The Different Types of Wood Flooring Explained

There are endless options on the market when it comes to wood flooring. With the variety of species and types available, you’re prone to spending a lot of time comparing and trying to decide the best option for you.
In this article, we’ll go into detail about all of these topics and much more to ensure that you have all the information you need to achieve your dream floor decor.

Different Types of Wood Flooring: Pros and Cons

Here, we’ll compare solid, engineered, laminate, and reclaimed flooring,
and present some pros and cons, so you can make an easy decision based on your needs.

Solid Wood Flooring

Solid hardwood is a solid piece of natural wood cut out from a tree trunk, then machined and sanded into planks with an average thickness of 18 mm to 22 mm.
If you’ve ever been in a house with solid hardwood flooring, you’ll know the feeling of warmth and character that can only be found with real wood. It’s a bit noisier than other hardwood types and prone to squeaking. However, users who’re into rustic vibes won’t mind it that much.

Pros

  • Lasts a lifetime
  • Valuable asset as it retains high resale value
  • Can be recycled

Cons

  • Weak resistance to scratches
  • Subject to water damage
  • Not ideal in humid conditions due to cupping

Engineered Wood Flooring

Engineered wood flooring is a combination of solid wood and plywood glued together, which helps keep the floor dimensionally stable and reduces warping. It also has an average thickness of 8 mm to 22 mm.
Engineered flooring is often likened to a sandwich because it consists of a visible solid wood layer, plywood, and an optional bottom layer of solid wood.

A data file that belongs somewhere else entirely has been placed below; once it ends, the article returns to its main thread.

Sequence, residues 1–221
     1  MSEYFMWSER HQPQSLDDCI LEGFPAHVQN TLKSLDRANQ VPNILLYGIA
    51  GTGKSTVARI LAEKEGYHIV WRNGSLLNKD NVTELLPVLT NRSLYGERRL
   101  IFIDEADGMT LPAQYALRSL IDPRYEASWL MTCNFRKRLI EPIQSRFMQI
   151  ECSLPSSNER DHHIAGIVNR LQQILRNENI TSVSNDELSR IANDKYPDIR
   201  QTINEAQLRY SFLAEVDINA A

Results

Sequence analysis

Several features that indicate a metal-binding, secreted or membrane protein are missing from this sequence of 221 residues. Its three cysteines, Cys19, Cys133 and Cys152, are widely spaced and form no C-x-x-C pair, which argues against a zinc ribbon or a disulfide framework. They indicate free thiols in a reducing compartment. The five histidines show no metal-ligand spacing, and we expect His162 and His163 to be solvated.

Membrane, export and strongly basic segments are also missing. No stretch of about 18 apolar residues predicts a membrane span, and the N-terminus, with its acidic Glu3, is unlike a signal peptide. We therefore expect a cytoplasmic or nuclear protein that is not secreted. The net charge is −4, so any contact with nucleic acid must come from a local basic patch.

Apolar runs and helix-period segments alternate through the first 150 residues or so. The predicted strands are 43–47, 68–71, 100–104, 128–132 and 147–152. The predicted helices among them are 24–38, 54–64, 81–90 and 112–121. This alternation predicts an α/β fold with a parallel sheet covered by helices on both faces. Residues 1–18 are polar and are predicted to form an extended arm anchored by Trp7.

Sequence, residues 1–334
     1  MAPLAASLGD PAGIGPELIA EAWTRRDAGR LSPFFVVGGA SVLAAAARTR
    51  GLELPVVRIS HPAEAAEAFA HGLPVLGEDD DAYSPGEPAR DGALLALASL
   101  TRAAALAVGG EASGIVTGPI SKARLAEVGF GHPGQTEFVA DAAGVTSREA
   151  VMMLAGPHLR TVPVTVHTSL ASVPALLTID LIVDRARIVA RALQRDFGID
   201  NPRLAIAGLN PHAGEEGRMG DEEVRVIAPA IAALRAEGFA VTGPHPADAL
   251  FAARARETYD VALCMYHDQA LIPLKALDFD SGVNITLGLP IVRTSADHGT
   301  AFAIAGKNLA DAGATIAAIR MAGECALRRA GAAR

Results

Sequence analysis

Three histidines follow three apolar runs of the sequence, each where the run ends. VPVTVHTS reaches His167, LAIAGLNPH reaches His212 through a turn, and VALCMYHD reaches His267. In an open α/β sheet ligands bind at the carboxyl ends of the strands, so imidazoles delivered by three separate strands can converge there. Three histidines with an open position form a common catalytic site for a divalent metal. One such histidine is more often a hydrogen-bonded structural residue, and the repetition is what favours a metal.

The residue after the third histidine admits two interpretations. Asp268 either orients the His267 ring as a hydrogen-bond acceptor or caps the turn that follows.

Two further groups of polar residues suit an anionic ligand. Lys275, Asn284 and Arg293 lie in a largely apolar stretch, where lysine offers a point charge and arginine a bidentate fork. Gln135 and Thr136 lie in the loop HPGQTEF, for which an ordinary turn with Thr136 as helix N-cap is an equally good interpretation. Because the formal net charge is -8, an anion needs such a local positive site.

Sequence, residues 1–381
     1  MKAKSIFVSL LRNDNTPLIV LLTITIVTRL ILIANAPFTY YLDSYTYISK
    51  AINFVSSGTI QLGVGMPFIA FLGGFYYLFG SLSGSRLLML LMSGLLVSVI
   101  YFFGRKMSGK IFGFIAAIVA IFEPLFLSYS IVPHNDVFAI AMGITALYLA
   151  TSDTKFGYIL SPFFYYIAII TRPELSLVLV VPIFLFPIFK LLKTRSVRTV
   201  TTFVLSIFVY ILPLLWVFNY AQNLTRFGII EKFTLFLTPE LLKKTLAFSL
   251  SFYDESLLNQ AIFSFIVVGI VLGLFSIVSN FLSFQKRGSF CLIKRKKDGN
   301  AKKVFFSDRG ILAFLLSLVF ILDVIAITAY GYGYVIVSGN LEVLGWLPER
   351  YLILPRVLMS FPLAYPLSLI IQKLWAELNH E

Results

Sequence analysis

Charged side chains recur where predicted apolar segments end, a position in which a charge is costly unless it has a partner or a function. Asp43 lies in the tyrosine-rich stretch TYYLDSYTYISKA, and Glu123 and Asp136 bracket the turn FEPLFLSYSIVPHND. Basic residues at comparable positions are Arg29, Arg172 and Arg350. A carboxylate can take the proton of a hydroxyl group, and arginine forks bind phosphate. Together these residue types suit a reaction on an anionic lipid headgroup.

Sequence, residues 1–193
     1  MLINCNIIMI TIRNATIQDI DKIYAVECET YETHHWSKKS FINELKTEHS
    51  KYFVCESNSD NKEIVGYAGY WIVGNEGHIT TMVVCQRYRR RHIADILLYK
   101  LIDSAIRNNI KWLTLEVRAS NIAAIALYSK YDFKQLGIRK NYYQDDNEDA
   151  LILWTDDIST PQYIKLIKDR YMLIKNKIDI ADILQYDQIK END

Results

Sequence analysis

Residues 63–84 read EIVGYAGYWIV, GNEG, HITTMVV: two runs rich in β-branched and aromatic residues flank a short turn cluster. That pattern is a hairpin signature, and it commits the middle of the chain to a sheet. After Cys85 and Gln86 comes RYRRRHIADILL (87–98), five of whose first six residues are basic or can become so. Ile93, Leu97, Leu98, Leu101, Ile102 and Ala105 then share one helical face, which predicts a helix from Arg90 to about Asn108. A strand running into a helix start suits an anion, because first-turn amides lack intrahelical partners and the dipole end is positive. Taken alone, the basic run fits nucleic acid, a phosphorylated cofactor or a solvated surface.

Pros

  • Strong resistance to scratches
  • Good resistance to moisture
  • Fewer chances of warping and cupping
  • Cheaper than solid hardwood and isn’t as complex
  • Can be recycled

Cons

  • Not as durable as solid wood
  • Low resale value

Laminate Wood Flooring

Laminate flooring isn’t hardwood, but rather, it’s a photographic image of wood on a decor layer adhered to medium-density fiberboard.
Laminate is durable yet affordable enough for most budgets. On top of that, It has an average thickness of 6 mm to 15 mm. Generally, we think it’s a great choice for those who want the look of hardwood flooring without breaking the bank.

Pros

  • Very high resistance to scratches
  • Unlike hardwood, it’s not susceptible to atmospheric changes.
  • Least potential to warp or cup
  • It can be easily installed and does not require skilled labor
  • No squeaking

Con

  • Only lasts 25 to 30 years
  • Low resale value
  • It cannot be recycled

Reclaimed Wood Flooring

Reclaimed wood has been around for a while, but it has been gaining popularity recently, thanks to rising concerns about global warming and the effect it has on deforestation.
Reclaimed wood is significantly cheaper and more environmentally friendly than the options listed above.

Pros

  • Highly resistant to moisture
  • Rustic and antique look
  • Environmentally friendly
  • Vintage wood can increase your home’s value

Cons

  • It might contain jutting nails or woodworm
  • It might not last long, depending on how old the wood is

What Wood Species Should You Go For?

Once you’ve decided what wood flooring you want, you need to start thinking about the wood species, which is basically the tree that the wood comes from.